As students rotated through each trade, they were able to participate in hands-on activities like using a concrete breaker or land surveying equipment and building circuit boards used in waste management. Students also learned about benefits of unionized trade jobs, like competitive pay, medical and dental benefits and pension plans.
This is the first year the district hosted the event, which began when Leonard Kelley, Stanwood mayor and executive secretary-treasurer of Snohomish County Labor Council, said he noticed the need for more trade workers as many began to retire.
“We have a shortage of workers,” he said. “So, we thought, ‘What can we do to get kids the information?’” Read entire article
Published October 7, 2019 in The Washington Post
By Eric Yoder
Federal agencies have been told to carry out Trump administration directives aimed at restricting the role of unions in the federal workplace and giving agencies the maximum discretion in taking disciplinary actions against employees, now that a court ban against many of those policies has been lifted.
The policies “are in full force and effect” and agencies should “ensure that they are fully compliant with all requirements or are taking steps to become compliant with requirements at the soonest feasible opportunity,” the central personnel agency said in a memo issued Friday.
The Office of Personnel Management’s memo came just days after a court lifted a year-long injunction in a union-sponsored lawsuit against three executive orders issued in May 2018.
Several months later, a federal district court agreed with the unions that major parts of the orders overstepped the president’s authority under civil service law.
However, in July of this year a federal appeals court held, without ruling on that issue, that the dispute belongs instead before the Federal Labor Relations Authority, which decides on disputes between agencies and unions.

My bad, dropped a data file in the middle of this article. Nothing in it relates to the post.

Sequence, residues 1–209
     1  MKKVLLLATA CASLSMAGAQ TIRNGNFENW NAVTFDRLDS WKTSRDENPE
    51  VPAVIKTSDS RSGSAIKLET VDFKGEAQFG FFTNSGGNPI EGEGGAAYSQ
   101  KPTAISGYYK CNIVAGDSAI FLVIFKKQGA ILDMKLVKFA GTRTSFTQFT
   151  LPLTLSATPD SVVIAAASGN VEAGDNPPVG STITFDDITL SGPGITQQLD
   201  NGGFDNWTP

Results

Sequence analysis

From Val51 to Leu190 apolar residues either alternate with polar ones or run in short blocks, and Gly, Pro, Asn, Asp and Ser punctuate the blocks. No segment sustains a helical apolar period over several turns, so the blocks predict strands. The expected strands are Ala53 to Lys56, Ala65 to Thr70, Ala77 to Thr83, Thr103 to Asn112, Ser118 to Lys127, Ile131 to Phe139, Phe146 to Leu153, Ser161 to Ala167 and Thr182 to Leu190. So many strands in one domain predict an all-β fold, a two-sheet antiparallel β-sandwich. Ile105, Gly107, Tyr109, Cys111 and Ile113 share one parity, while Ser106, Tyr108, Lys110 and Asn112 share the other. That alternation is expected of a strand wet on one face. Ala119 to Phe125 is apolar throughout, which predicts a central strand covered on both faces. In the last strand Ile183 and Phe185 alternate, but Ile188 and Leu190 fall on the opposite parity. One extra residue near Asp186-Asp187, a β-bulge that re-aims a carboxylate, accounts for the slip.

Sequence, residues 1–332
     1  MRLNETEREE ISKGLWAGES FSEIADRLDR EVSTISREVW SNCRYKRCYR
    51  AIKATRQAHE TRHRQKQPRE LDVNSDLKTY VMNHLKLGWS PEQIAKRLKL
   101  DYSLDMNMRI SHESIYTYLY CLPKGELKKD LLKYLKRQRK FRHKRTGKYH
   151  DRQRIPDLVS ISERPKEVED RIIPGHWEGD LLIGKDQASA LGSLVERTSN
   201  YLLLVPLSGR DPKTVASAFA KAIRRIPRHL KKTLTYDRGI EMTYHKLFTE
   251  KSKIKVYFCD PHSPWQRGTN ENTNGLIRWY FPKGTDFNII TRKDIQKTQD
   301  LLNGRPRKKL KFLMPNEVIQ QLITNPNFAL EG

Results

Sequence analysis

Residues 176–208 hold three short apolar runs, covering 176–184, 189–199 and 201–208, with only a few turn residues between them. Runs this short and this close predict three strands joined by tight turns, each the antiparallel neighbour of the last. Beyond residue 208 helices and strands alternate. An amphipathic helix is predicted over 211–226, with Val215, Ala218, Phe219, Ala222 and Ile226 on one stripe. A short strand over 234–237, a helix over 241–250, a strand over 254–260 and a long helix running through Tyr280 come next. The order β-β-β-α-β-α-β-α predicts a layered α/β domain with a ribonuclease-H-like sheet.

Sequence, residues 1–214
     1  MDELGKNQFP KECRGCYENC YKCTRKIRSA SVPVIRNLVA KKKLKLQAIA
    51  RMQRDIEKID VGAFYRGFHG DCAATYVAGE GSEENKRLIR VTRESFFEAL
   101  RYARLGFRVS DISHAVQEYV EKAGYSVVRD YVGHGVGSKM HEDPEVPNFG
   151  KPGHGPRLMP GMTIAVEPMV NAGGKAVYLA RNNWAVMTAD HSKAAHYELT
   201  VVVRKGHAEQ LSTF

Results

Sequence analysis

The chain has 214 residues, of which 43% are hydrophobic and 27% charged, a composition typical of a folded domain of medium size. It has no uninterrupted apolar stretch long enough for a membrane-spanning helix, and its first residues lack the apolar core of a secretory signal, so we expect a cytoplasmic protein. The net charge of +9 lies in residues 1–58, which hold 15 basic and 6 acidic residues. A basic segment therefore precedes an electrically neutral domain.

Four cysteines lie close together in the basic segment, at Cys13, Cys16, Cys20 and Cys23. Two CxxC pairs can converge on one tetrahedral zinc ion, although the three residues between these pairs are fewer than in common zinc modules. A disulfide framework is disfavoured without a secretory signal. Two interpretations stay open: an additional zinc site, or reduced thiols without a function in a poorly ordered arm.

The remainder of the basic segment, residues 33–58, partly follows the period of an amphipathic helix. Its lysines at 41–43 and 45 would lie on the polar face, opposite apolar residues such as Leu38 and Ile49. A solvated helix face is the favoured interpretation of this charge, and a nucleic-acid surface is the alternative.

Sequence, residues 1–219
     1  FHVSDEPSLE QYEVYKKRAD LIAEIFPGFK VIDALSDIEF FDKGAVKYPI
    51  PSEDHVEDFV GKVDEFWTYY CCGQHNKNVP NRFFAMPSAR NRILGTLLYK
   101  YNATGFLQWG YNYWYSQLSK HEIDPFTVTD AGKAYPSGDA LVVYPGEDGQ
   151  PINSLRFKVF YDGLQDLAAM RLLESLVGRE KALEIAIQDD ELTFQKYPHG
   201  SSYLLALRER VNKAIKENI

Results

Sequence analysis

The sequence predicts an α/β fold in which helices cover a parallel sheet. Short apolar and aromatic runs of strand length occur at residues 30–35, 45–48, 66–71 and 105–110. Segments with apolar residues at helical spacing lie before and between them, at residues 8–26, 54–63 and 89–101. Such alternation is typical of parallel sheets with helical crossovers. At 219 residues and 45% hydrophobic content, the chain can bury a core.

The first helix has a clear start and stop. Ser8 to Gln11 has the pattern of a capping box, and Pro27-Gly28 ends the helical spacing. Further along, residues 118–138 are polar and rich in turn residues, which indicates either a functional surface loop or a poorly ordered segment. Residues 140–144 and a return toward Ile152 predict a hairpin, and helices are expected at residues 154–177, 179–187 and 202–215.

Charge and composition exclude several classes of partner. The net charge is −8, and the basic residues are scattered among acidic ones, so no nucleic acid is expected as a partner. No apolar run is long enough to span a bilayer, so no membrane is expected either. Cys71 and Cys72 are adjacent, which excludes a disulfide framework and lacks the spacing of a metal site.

Most of the provisions at issue involve topics of importance in workplaces with union bargaining units, including to limit the topics on which bargaining will be held, set time limits on negotiations and significantly reduce “official time,” which is paid time that employees may use for certain union-related purposes, and other accommodations to unions such as free use of office space.
The unions still have the option of a further appeal to the Supreme Court, but for the meantime the focus will shift to the bargaining table and then to the FLRA.
“Any attempts by agencies to enforce these provisions outside of the collective bargaining process will be met with immediate legal challenge by the union,” said American Federation of Government Employees president J. David Cox Sr., who said the intent of the orders is to “remove unions from the worksite and make it harder for our members to report mismanagement or other abuses.” Read entire article
Published October 7, 2019 in The Seattle Times
By Dominic Gates, Steve Miletich and Lewis Kamb
Seven weeks after the second fatal crash of a 737 MAX in March, a Boeing engineer submitted a scathing internal ethics complaint alleging that management — determined to keep down costs for airline customers — had blocked significant safety improvements during the jet’s development.
The ethics charge, filed by 33-year-old engineer Curtis Ewbank, whose job involved studying past crashes and using that information to make new planes safer, describes how around 2014 his group presented to managers and senior executives a proposal to add various safety upgrades to the MAX.
The complaint, a copy of which was reviewed by The Seattle Times, suggests that one of the proposed systems could have potentially prevented the crashes in Indonesia and Ethiopia that killed 346 people. Three of Ewbank’s former colleagues interviewed for this story concurred.
The details revealed in the ethics complaint raise new questions about the culture at Boeing and whether the long-held imperative that safety must be the overarching priority was compromised on the MAX by business considerations and management’s focus on schedule and cost.
Managers twice rejected adding the new system on the basis of “cost and potential (pilot) training impact,” the complaint states. It was then raised a third time in a meeting with 737 MAX chief project engineer, Michael Teal, who cited the same objections as he killed the proposal.
A version of the proposed system, called synthetic airspeed, was already installed on the 787 Dreamliner.